• For example, the user may drag the stylus pen 10 c shown in FIG. 6( a) in the direction indicated by the arrow. FIG. 6( b) illustrates the image object 60 c that has been zoomed out in response to that dragging. Although only the stylus pen 10 c is supposed to have its touch point changed in this example, only the control cube 10 b may have its touch point changed. Or both the stylus pen 10 c and the control cube 10 b may have their touch points changed at the same time. The zoom power may be determined depending on how much the relative locations of their touch points have changed. Optionally, the microcomputer 20 may also calculate the rate of widening their gap (i.e., the rate of change of their relative locations) and determine the zoom power based on the rate of change.
  • When the detector 21 senses that the user has brought the control cube 10 b and/or the stylus pen 10 c out of contact with the touchscreen, the view changing mode ends. The image object may be zoomed in or out up to a predetermined level. While the image object is being zoomed in or out, the zoom power with respect to the original one is shown. The graphics controller 22 may show the zoom power either in the zoom power display zone 61 shown in FIG. 5( b) or in the vicinity of the touch point of the control cube 10 b, for example.
  • 2.3. Rotation Processing Using Control Cube 10 b and Stylus Pen 10 c
  • FIG. 7( a) illustrates an image 60 d to be displayed in the vicinity of the touch point of the control cube 10 b on the display panel 12 when the control cube 10 b is rotated on the spot in the situation shown in FIG. 5( a). Also shown in FIG. 7( a) is the relative locations of the control cube 10 b and the image 60 d when the display panel 12 on which the control cube 10 b is put is looked down from right over it.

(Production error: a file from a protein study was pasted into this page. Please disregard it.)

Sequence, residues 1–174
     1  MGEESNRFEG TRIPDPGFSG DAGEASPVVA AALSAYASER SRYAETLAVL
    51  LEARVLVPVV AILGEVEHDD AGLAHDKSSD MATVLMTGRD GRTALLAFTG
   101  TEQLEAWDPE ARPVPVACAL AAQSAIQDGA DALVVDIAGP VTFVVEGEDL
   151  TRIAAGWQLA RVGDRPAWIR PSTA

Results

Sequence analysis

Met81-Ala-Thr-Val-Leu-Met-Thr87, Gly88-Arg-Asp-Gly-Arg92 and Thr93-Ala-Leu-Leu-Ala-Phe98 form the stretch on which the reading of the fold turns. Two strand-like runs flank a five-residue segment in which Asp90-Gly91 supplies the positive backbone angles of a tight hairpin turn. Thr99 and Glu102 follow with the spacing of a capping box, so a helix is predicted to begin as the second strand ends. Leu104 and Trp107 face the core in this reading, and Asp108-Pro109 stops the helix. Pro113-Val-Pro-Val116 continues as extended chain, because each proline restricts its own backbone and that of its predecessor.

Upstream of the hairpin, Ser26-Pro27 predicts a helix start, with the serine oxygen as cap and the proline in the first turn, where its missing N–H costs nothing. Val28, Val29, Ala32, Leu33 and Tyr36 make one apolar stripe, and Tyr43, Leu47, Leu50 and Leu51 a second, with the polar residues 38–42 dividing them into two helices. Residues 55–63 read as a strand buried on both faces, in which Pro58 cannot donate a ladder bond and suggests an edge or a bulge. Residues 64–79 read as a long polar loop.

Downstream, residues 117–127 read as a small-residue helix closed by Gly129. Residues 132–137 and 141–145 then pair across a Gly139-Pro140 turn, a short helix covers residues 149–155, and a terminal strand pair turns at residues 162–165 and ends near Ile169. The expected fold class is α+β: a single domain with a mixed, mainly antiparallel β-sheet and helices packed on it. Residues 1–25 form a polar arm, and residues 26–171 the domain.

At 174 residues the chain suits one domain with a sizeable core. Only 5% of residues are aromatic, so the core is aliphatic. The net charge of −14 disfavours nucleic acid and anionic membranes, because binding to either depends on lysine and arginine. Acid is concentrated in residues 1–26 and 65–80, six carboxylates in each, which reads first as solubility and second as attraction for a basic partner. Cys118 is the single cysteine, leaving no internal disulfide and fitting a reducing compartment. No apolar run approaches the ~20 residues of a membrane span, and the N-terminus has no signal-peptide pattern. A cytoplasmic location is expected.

• First of all, in the situation shown in FIG. 5( a), the detector 21 senses that the control cube 10 b has been rotated. In this description, “to rotate the control cube 10 b” means that the user rotates the control cube 10 b around an axis which intersects at right angles with the touchscreen panel 11. In this case, the location of the control cube 10 b on the touchscreen panel 11 is substantially unchanged. By detecting continuously a variation in electrostatic capacitance, the detector 21 sequentially detects the shapes of the bottom 42 of the control cube 10 b (see FIG. 3). As a result, the microcomputer 20 senses that the control cube 10 b is rotating. In response, the microcomputer 20 instructs the graphics controller 22 to display an angle graduation image 60 d indicating the angle of rotation and an image 60 e indicating the angle that has been calculated with respect to the reference point shown in FIG. 5( a) around the touch point of the control cube 10 b. These images 60 d and 60 e are displayed continuously while the control cube 10 b is rotating. FIG. 7( a) illustrates how the control cube 10 b shown in FIG. 5( a) is displayed after having been rotated counterclockwise by 32 degrees. Although no information indicating the counterclockwise direction is shown in FIG. 7( a), that information may be shown clearly by an arrow indicating the direction of rotation, for example.